Chapter One – Winter Falling
The wind was soft but cold, so high along the rampart of the citadel. It whispered the night’s embrace, pulling gently at the lapels of Gemmen’s coat. The skin on his close-shaven scalp prickled with goosebumps. It was cold, yes, but the winter twilight was far preferable to the stifling heat and conversation in the feast hall.
Torches burned, spaced every hundred feet along the walk. Gemmen could see guards posted, silhouetted against the lights as they leaned against the white stone or squatted for a brief escape from the breeze. He ignored them as he moved by, just as they ignored him.
The first flakes of snow began to flutter down as he walked. The night was not still, but it was silent; the wind stirred and the snow traced lines down to melt on the wall, but even the guards quieted themselves. There was a feeling of abeyance in the air, a muted pressure.
Gemmen loved nights like this.
He stopped between torches and leaned to look over the wall. The city of Annaloch spread out at the foot of the wall, though he could only see the roofs of the tallest buildings through the thick fog that swirled below, moving in off the lake. A small smile curved his lips, ever so slightly. His home, no matter how cold, was always beautiful.
Even when it was cold in more ways than one. Even when it was empty, for all that the nobles and courtiers insisted on hosting fetes for his mother on a weekly basis. Even when it was a burden, despite the light air on the lofty walls of the citadel.
Even when Ellia was halfway to the port at Caerban, in her self-imposed exile.
Gemmen sighed, his breath coming in a puff of steam. His feet began moving again, in long strides that broke the silence with the steady scuffing of his boots. One guard nodded to him as he went by. It was the first time one of them had had the temerity to note his existence.
The snow continued to fall. And he continued to put distance between himself and the feast hall.
They were a flock of magpies, the lot of them. They clustered around the Empress and squabbled over tidbits and sparkles, their minds too small or too consumed with their little games to realize what was really going on. Their eyes were locked on each other, oblivious to the fact that the Empress had eyes only for her son. Eyes of iron, which glared disappointment each time he slipped away from the goings-on to wander the ramparts in the snow, with only his Imperial coat to keep him from the cold.
Gemmen paused again as the wall turned north, giving him a clearer view of the lake that crept up to the city. Fog poured off of it, streaming over the docks and into the streets of Annaloch. He thought he could see the mast of a merchant ship out to his right, poking up as it sailed east, toward the mouth of the Annawash. He wondered if it would stop for long in Caerban; whether it would be the ship that took Ellia south and east to the Isles of Glass.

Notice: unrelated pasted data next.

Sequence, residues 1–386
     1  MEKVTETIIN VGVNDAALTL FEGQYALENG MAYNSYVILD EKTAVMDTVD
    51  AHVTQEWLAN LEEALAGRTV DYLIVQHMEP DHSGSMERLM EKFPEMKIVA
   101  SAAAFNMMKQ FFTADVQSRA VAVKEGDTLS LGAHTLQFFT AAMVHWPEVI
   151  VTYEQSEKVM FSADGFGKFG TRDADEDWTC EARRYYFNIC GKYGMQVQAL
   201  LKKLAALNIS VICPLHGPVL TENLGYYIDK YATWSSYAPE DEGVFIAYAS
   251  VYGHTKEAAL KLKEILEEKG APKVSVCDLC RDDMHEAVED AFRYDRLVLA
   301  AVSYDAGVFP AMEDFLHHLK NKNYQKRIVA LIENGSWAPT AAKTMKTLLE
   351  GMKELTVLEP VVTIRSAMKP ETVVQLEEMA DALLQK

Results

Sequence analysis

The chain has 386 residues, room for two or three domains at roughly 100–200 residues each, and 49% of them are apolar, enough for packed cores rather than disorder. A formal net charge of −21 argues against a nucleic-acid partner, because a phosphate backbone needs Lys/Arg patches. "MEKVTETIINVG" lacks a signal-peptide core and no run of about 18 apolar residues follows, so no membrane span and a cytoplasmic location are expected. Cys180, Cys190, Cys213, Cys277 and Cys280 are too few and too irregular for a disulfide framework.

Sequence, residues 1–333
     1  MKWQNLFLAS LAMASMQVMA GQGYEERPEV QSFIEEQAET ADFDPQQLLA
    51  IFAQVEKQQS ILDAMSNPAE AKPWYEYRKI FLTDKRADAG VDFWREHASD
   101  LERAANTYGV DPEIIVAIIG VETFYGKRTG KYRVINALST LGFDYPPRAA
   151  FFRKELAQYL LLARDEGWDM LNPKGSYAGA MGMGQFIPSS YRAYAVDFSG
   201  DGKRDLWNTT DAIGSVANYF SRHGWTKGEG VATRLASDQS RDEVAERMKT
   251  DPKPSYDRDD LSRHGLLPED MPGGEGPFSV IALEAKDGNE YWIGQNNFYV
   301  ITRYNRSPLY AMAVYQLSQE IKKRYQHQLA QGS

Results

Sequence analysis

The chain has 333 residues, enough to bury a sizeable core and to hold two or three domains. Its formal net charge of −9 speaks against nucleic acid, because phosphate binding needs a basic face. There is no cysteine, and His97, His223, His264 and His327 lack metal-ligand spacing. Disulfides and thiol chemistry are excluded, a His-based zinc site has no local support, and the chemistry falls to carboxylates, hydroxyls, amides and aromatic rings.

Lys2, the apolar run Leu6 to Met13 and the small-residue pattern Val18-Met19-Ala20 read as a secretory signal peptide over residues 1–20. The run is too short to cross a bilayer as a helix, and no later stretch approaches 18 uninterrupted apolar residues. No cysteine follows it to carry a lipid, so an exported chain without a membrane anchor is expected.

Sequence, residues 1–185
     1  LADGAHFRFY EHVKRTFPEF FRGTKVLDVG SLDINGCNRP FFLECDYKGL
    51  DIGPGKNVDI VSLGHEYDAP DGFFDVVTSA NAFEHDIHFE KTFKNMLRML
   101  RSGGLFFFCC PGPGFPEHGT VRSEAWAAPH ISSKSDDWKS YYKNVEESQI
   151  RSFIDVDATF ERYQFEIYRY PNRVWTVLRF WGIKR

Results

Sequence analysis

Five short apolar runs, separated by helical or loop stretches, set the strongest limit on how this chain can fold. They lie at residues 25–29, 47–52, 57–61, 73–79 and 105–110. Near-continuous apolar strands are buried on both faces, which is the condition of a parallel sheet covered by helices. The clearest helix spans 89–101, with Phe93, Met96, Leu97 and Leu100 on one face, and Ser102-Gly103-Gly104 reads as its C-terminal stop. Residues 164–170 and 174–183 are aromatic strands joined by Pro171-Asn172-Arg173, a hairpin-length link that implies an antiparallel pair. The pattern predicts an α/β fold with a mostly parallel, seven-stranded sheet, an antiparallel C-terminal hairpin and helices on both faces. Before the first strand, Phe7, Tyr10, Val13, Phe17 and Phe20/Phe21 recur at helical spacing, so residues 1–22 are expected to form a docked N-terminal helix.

Gemmen’s chest tightened at the thought.
How had he let things come to this? His betrothed in flight, the enmity of his mother bearing down on him, and even the lowest guards too embarrassed to be friendly with him. Only the thickening snow would kiss him, now, and even that touch melted in moments. One ill-advised word, spoken at the most inopportune moment, and the Empire of the Ebon Sky was fracturing at its very core.
Dammit, but he missed Ellia. It was an untenable situation. Only she could fix things—and of all those involved, she was the least likely to want to. She had made that much clear, before she went. No matter her love for him, there was no measure of forgiveness in her for this matter. She would return to her uncle’s small island nation, and deliberate over her options. Gemmen hoped she would not continue on, to the far coast and the domain of her father.
If she went back to the Sunset Kingdom, all was lost for him.
Gemmen shook his head and let it droop into his hands, his elbows propped up between two of the stone crenellations. He could not let this continue. Somehow. He was tired of fleeing from his mother’s sight every other day. He was tired of the looks of pity that he received when people in the citadel thought he wasn’t looking. And he was damned tired of feeling as lost as a foreigner in those foggy streets below. Oh, Ellia, come back and help me.
Only the silent snow answered Gemmen’s unspoken plea.
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